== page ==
A Word A Day In 140 Letters Or Less: Follow These Twitter Dictionaries To Be A Logophile
I am bit of a word freak. Yes, that’s being a logophile. You can also call me a ‘verbivore’. No we aren’t mutants or the X-Men, but we exist as defined by language writer Richard Lederer. I am sure it is a large species in itself if the number of online dictionaries is anything to go by these days. I have written about some of them myself . But what confirms the existence of this is that word lovers have taken their love for the lexical and brought it to Twitter of all places.
You might think that 140 characters just doesn’t cut it when you have to pick a word apart, and get to its meaning and usage. But let’s leave some room for surprises because Twitter and the Twitter dictionaries bring real-timeliness into learning new words. Here are a few usual and a few unusual dictionaries on Twitter. Follow them and wax lexical.
The Usual Suspects
Think of this as a mashup of Twitter and Wikipedia. The mother website was down so I couldn’t go into their origins, but I do know that it was launched by Ben Huh and the team behind I Can Has Cheezburger? The word definitions are on the humorous side and just made me think that most of them could be user contributed.
Mnemonic Dictionary [No Longer Available]
pellucid : transparently clear; easily understandable;usage : Colorful pebbles could be seen on the floor of the pellucid brook;
— Mnemonic Dictionary (@mnemonicdict) October 3, 2012
Mnemonics is about remembering things by forming associations. That’s always useful when you are sitting for intensive vocabulary tests like GRE and SAT. The Twitter account looks into the meaning and gives you a memory cue with an example. You might have to click through to the main website via the shortened URL to get to the mnemonic.
We get a bit more serious here with A Word a Day which comes to us from the well-known Wordsmith.org. If you are a fan of their mailers, then there’s no reason not to follow A Word a Day on Twitter. Going to the main Wordsmith site to read up the complete etymology should be the hallmark of a self-respecting logophile. They complement it with a thought for the day.
If you get to keep just one dictionary site at gunpoint, then this has to be it. From a thesaurus to word games, Dictionary.com covers a lot of ground and words of course. The Twitter account is just a mirror to its exhaustive coverage for the guy who wants to learn more about the English language .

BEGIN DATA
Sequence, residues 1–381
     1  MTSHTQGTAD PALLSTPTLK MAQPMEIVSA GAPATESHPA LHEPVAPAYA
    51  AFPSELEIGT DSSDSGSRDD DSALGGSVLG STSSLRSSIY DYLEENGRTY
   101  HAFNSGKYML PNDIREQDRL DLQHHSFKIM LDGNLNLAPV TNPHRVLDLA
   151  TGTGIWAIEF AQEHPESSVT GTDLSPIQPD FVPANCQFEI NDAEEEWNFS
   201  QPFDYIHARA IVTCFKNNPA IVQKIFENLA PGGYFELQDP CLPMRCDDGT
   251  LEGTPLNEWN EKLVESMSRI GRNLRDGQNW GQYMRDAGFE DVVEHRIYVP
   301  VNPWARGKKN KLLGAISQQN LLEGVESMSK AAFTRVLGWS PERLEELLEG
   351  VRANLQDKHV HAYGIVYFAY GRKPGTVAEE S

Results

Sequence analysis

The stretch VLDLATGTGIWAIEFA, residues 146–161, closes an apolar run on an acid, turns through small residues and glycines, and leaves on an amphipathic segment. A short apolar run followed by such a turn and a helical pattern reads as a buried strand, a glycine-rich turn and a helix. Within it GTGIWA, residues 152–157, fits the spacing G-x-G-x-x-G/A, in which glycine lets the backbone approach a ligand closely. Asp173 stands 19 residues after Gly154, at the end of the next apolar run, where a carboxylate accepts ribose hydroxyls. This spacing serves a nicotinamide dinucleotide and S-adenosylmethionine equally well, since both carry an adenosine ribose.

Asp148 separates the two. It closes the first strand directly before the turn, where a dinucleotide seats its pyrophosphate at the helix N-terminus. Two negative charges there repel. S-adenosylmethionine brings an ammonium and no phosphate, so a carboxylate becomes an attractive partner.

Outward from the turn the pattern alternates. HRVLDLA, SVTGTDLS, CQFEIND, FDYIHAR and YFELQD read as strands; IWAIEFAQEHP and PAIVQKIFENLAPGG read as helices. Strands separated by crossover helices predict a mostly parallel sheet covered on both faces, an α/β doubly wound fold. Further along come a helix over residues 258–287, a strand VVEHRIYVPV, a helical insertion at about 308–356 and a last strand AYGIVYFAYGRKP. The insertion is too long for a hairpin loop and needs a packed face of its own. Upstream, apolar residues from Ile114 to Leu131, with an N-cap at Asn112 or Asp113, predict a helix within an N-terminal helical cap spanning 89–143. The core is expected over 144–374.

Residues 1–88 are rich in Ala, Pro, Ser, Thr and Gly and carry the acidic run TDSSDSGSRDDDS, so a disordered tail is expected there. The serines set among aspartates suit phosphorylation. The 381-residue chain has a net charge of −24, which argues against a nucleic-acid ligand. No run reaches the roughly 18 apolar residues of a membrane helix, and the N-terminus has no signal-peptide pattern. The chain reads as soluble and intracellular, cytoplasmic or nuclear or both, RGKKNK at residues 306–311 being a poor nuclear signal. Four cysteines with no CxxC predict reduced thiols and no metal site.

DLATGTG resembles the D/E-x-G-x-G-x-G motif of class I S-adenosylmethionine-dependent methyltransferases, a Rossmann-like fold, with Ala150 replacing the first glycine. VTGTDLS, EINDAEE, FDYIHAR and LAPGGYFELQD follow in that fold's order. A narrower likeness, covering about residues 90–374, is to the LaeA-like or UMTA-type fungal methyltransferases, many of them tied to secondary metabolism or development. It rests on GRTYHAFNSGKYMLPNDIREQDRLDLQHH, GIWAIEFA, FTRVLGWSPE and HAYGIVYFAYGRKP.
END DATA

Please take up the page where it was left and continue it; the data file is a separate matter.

I learnt that the smooth space between the eyebrows is called ‘glabella’. While I won’t be using this word anytime soon, it just gave me an insight into the spread of words on the Wordnik site and the highlights on the Twitter account. Try out the website too for a quick and minimal vocabulary enriching search.
The Unusual Suspects
Artwiculate crosses over to edutainment with its learn-a-word-a-day game on Twitter. You just have to follow @artwiculate to start playing. The more the retweets, more is the popularity of the word. We mentioned Artwiculate when we looked at 10 Real Time Twitter Games You Can Enjoy With Just A Tweet .
You really cannot compile a list of online dictionaries without listing Urban Dictionary and here, its Twitter page. With 60,000+ followers it can even make the triumvirate of Oxford, Cambridge, and Webster go wordless with envy. When you consider that the street dictionary of our times is choc-a-bloc with colloquialisms and urban-speak.
An article on a tech blog can hardly go without the mention of a dictionary on tech terms. All words, phrases and abbreviations here are related to computer and Internet technology. The definitions are explained on the main site but it is a worthwhile hop because the web page also lists related terms to the one you are trying to learn.
This is niche but it could be a Twitter account worth following for the guy who is always on the job market. Resumes need power words and the Twitter account is a shortcut to the website where the words are explained in more detail. It is about what to do and what not to do in your resume, and how to strike the right chord with the interviewer.
The one advantage of following a Twitter account from the above list is that it helps to make your vocabulary training an automatic habit. Tweets may be ‘blink and you miss’ sometimes, but I have often found that interesting words somehow get stuck to the sub-conscious. I have had less luck (and less fun) with retaining new words than I have had with what I call accidental learning via Twitter. What’s the good word from you on these Twitter dictionaries? Do you have one on your list? Have I missed a great one on mine?
Image Credit: Knowledge via Shutterstock
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